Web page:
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THE LIGHTHOUSEa muddle, about something some one had saidabout Christ; a mammoth had been dug up ina London street; what was the great Napoleonlike? Then they took all this with their cleanhands (they wore grey coloured clothes; theysmelt of heather) and they brushed the scrapstogether, turning the paper, crossing their knees,and said something now and then very brief.In a kind of trance she would take a book fromthe shelf and stand there, watching her fatherwrite, so equally, so neatly from one side of thepage to another, with a little cough now and then,or something said briefly to the other old gentle-man opposite. And she thought, standing therewith her book open, here one could let whateverone thought expand like a leaf in water; and if itdid well here, among the old gentlemen smokingand The Times crackling, then it was right. Andwatching her father as he wrote in his study, shethought (now sitting in the boat) he was mostlovable, he was most wise; he was not vain nora tyrant. Indeed, if he saw she was there,reading a book, he would ask her, as gentlyas any one could, Was there nothing he couldgive her?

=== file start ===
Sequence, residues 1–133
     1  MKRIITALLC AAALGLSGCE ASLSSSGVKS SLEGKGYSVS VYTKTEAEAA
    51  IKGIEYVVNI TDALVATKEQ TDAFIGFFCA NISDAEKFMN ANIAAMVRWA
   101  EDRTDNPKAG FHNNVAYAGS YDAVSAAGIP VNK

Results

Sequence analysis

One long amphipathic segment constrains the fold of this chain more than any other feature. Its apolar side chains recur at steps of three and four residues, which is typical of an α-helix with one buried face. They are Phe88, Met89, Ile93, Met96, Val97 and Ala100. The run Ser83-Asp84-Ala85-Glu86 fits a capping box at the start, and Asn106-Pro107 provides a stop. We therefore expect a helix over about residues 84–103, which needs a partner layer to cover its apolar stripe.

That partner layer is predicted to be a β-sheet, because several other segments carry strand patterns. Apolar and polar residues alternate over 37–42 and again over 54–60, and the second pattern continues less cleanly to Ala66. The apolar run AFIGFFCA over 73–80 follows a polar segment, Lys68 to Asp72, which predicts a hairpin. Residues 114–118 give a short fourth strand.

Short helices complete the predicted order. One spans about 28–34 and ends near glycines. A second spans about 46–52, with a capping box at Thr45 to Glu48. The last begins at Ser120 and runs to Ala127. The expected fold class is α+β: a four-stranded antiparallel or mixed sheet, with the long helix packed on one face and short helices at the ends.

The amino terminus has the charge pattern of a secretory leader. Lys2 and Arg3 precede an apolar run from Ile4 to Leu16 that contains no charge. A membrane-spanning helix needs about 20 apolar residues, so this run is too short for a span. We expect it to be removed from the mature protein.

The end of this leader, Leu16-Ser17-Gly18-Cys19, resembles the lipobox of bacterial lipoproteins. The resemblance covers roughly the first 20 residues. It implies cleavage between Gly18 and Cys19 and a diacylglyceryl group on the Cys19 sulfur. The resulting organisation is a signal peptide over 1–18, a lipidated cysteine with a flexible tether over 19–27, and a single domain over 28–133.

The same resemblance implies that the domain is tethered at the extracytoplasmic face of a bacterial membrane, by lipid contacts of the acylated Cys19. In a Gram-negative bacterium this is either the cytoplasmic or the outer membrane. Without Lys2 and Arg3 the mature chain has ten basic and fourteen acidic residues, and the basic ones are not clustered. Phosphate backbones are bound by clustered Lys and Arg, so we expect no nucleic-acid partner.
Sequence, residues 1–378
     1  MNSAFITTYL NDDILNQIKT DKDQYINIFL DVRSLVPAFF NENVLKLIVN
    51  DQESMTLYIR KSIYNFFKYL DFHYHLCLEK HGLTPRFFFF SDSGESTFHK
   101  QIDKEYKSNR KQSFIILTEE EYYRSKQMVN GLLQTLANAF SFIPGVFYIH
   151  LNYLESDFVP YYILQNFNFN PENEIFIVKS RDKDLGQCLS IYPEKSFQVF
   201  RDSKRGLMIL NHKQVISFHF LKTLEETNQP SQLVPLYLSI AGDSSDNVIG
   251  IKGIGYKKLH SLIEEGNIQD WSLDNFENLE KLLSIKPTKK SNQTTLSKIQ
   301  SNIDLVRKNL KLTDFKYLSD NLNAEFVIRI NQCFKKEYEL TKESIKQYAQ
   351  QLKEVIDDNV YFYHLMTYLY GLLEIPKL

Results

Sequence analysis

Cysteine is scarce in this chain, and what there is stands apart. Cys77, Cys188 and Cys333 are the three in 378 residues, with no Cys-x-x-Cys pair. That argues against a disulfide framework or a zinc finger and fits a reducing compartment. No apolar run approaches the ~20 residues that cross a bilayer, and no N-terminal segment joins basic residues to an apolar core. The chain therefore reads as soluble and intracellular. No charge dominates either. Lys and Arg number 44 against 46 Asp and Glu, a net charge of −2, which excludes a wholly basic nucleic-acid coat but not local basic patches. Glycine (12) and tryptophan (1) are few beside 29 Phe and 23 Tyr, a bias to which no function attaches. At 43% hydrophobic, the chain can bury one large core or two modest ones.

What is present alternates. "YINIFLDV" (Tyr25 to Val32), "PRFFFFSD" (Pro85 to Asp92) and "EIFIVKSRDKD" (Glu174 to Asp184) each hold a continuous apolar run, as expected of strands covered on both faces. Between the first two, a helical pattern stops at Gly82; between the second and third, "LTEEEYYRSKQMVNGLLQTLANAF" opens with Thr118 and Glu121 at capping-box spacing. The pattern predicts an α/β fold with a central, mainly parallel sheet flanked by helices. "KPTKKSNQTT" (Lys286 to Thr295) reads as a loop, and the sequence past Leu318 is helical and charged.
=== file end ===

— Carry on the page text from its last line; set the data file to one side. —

Lest this should be wrong, she looked at himreading the little book with the shiny covermottled like a plover’s egg. No; it was right.291